Generally, there is little equipment to assist the herdsmen in the management of yak on range. The most usual provisions are a dipping pit used for both cattle and sheep; perhaps a silo or silage trench for use mainly by sheep; a corral with a tunnel-like passage to restrain animals for vaccinations or other treatments; and there may be a simple crush to hold cows that are intended to mate to particular bulls or to inseminate artificially. Pens are also created to provide shelter. Such pens and enclosures are used only at night and usually only during the winter and spring. They are always at the campsite or close to the habitation of the herdsmen and their families. The pens can be of various types of construction with differing degrees of permanence.
This is a relatively permanent construction built near the habitation of the herdsmen or at the winter campsite. It is used primarily for the cow herd, including hybrid females, and it is also used for the replacement females. The area is usually 15 x 15 m with a wall 1 - 1.2 m high, but the size can be as large as 30 x 20 m. Most of the mud pens have an additional shelter area constructed at one side of the pen facing the sun and providing extra protection from the wind. This extra shelter is constructed from a layer of clay on wooden boards knitted together with wicker.
The mud pens can stand alone, though more usually there are two or more built together and often joined by a passage with mud walls or wooden fence. A gate or gates keep the stock apart in the different pens. If several pens are connected to each other, the last pen will end in a long tunnel-like passage used for restraining the animals for vaccinations or other purposes. The passage can be roofed or open.
This is a temporary structure, built and used only during the cold season. Fresh yak faeces are piled up near the campsite in a layer of about 15 - 20 cm deep every day. The first layer freezes solid overnight before the second layer is added.
Such a pen can be completed in a few days. There are two types of faeces pen: One has four walls to keep out wind and snow and provides a relatively large area used for adult yak.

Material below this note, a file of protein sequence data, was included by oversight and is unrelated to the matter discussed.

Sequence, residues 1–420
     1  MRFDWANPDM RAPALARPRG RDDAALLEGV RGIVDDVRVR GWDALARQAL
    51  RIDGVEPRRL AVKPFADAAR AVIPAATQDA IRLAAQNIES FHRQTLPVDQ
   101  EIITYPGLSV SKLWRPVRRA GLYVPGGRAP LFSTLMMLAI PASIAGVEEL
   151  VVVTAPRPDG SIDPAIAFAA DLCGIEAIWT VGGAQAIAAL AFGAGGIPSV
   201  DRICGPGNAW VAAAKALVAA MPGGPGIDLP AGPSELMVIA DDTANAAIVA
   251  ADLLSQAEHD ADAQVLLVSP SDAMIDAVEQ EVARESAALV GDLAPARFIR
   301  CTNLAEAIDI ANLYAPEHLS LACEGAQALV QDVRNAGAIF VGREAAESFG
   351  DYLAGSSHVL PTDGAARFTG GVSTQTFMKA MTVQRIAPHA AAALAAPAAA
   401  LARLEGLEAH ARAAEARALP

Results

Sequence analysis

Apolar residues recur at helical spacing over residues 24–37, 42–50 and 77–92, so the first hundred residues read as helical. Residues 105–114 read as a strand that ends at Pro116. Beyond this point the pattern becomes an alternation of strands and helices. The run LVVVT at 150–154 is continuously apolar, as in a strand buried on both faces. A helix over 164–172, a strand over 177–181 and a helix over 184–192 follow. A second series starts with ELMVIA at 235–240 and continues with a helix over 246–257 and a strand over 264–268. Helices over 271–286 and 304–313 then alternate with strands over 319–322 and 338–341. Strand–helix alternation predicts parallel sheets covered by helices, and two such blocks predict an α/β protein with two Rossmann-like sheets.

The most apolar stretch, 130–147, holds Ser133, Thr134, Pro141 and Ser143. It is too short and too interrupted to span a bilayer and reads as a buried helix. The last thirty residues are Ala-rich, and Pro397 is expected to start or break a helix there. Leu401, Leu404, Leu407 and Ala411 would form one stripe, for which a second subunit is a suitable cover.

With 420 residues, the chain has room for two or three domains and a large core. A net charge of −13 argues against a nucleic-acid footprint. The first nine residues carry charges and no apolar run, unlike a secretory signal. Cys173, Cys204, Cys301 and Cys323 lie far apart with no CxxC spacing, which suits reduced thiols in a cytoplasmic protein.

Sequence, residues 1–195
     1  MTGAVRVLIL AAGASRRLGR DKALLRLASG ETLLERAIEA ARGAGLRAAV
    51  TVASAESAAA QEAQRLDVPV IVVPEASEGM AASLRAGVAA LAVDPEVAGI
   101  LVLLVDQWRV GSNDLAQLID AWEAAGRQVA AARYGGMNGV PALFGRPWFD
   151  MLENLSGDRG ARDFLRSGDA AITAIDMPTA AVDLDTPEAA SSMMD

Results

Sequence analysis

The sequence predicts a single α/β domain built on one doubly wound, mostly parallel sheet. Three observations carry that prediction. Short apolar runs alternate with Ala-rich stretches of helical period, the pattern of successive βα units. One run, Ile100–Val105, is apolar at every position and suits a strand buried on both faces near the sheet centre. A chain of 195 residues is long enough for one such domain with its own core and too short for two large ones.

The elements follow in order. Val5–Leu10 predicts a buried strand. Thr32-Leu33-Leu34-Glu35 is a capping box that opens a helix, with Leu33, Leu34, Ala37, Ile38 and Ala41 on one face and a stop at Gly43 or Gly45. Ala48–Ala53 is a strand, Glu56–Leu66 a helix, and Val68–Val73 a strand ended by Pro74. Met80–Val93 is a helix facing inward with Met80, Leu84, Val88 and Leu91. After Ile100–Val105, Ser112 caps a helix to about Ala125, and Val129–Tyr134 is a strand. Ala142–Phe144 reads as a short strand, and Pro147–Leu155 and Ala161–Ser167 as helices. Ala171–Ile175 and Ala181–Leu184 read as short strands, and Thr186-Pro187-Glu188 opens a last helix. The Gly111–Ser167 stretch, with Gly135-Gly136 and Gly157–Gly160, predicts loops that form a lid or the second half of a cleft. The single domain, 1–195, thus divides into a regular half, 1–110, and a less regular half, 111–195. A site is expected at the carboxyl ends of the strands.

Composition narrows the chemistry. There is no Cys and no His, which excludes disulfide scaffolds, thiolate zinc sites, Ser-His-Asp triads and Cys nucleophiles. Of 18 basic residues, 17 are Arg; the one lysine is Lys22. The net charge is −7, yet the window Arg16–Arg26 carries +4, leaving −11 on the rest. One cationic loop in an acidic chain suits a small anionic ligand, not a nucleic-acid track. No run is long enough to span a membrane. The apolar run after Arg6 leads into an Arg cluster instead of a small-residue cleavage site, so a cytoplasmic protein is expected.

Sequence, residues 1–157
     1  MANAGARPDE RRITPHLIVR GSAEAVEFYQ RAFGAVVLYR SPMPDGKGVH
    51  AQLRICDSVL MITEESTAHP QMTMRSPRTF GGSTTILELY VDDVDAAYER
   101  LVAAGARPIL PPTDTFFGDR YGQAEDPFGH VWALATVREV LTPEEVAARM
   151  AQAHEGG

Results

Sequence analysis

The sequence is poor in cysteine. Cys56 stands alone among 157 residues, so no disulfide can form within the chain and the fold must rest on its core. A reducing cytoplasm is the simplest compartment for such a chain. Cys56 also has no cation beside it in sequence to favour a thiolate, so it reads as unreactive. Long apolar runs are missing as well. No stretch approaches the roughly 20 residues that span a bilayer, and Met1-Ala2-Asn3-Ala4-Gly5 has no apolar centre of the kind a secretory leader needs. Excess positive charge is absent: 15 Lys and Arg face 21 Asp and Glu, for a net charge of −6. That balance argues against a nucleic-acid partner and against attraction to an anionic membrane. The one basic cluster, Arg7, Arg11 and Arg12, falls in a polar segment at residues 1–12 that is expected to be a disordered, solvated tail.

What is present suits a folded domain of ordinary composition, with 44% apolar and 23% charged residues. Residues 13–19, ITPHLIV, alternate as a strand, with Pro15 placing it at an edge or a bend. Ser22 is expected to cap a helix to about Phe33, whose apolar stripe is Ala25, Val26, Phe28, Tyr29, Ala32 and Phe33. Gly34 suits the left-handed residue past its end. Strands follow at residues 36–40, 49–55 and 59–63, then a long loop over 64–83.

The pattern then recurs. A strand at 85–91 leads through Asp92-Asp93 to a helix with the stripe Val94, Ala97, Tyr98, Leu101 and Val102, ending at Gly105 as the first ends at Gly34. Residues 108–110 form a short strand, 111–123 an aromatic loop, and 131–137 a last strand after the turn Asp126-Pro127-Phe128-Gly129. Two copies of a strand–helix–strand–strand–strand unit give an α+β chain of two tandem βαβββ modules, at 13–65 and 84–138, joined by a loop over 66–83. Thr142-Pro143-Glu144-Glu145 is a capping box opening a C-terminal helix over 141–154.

The other is smaller, built on a horseshoe-shaped foundation with a diameter of about 1 m and looking, from the outside, something like an upside-down earthenware jar. It is built up gradually to its final 1 m height and is used to hold calves. The open end has its back to the prevailing wind. A wooden stake is used to tether the calf. Hay is put inside the pen to make it warmer for the calf. When the temperature starts to rise in the spring, the faeces thaws and pens made from it fall apart, to be rebuilt in the following winter.
To build pens with turf, herdsmen select a position on the winter pastures that faces the sun and is relatively sheltered from the wind. The height of the turf walls is at least 60 cm, though usually higher. This type of pen is used to give some shelter to pack yak and some bulls. The structure is semi-permanent but needs to be repaired each year.
Wood is in short supply on the plateau where most yak live. Therefore, wooden enclosures are often only an adjunct to a mud pen and within its perimeter. The wooden enclosure may be roofed or not. In the alpine areas, wood is more abundant and the compound may be built independently. The structure is of small wooden bars and provision is made for holding hay. During the warm season, these wooden enclosures are used to keep the calves isolated from their dams at night, while the adults graze in preparation for milking the following morning.
Tents made of yak hair are also used for calves in the pastoral areas. In the alpine parts, for example in Jiulong county of Sichuan, there are small shelters, called cattle shelters, found as part of the permanent buildings of the campsites. They are used by herdsmen and milkers and for processing milk and storing milk products. Such shelters can vary in area from 10 - 20 sq m and are surrounded by a stone wall that is 1.5 m. high. Boards or bark are used for the roof. These shelters are in use whenever the herd comes to the campsite.